Vamos a la playa
As a respite from the heat, the beach is only a thirty minute ride from Léon in a ‘chicken bus’. These are the local buses, unwanted U.S school buses that have been stripped down and are now being driven into the ground. We took a taxi to a small market and were then pointed the way to the bus by a couple of helpful fruit sellers. It was just about to leave so the conductor hurried us into the rear, gave a whistle and hung on to the flapping door as the bus pulled away. My time in Guatemala had acquainted me with these types of buses but here in Nicaragua things seemed different. There wasn’t the squawking chicken cages at the back, which give the bus its nickname; nor when I found a seat did a local woman plunk her three kids on my lap and squeeze into a space that never existed. Things were comfortable here. When two free seats became available and I managed to tuck my long legs into the tight space, nothing was plunked on top of me. I looked around and noticed for the first time that the bus even had a flat screen television up front and a DVD player. None were working and I guess they were either a political gift given around election time or an expensive investment.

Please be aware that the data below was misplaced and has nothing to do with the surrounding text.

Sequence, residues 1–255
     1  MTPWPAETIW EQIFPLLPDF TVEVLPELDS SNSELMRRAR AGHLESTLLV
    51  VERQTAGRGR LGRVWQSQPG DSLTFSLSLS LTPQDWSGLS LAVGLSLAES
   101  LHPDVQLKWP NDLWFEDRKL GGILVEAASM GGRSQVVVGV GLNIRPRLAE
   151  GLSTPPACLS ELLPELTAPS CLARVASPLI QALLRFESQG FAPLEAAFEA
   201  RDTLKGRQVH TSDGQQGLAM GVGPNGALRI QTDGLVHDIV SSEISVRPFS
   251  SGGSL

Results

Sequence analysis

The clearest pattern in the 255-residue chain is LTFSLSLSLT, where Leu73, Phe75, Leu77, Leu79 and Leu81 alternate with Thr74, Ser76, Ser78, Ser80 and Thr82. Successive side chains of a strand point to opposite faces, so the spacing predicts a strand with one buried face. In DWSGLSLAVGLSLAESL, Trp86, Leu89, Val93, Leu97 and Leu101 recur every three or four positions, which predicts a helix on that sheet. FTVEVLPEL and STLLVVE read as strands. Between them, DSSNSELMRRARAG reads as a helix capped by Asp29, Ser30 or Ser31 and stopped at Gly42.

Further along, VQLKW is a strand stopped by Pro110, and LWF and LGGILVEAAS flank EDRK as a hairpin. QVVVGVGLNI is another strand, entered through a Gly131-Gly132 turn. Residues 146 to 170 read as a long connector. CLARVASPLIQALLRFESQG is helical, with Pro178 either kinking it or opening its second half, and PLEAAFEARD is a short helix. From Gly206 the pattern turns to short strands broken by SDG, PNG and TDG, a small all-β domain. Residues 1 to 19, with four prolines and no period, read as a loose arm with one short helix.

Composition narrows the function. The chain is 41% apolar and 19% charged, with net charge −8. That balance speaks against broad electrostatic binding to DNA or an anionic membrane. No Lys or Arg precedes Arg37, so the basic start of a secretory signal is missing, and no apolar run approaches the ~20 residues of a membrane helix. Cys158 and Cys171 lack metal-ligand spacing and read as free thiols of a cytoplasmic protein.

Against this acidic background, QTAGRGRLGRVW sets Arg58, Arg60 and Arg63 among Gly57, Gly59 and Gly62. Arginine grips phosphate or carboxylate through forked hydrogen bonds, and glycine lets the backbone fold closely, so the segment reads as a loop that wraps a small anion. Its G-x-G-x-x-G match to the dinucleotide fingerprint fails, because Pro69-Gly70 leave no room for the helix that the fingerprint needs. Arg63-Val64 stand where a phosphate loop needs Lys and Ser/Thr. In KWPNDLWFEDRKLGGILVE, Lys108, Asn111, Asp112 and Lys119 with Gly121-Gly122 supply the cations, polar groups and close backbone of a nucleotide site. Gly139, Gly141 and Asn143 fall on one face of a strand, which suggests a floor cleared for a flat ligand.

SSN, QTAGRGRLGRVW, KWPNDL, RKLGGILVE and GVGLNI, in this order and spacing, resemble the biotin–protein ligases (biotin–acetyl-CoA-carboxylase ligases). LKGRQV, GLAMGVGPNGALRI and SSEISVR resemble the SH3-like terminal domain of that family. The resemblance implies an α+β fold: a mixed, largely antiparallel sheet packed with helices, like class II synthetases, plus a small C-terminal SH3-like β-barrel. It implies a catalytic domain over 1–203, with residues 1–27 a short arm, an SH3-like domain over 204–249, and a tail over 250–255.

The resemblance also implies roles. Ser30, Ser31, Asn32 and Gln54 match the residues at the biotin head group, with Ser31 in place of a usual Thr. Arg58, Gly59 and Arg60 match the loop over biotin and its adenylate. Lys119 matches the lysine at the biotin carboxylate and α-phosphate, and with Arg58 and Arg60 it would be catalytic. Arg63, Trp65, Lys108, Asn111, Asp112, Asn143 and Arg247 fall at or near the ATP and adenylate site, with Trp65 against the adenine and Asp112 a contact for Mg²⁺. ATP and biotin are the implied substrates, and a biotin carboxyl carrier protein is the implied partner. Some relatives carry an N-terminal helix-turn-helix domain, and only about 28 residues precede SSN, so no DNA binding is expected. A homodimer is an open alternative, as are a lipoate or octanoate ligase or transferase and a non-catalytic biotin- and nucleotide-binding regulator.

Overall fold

In any case the day at the beach was great. I had never been in the Pacific before and was surprised the water was so warm. But these beaches are not the best for swimming; surfing is where it’s at and I looked on with envy as the local teenagers zipped over the ten feet waves with ease. Still, I had great fun launching into the waves to be forced to the bottom of the sea and sent sprawling with twists and turns. Swimming is thirsty business so we spent the day between tumbling in the waves and sipping cold beers in the hammocks of the beachside bar. A hippy turned up with a guitar and I won a bet that his first song would be one Bob Marley. Also, I decided that I will return in the coming weeks to nail surfing and fulfill my dream of becoming a lazy beach bum.
In the coming few weeks I will get a chance to explore this great city and country a lot more. But for now I am feeling knackered. Promises: my travels will be further, my travels will be wilder, my observations will be more informative. Hasta leugo!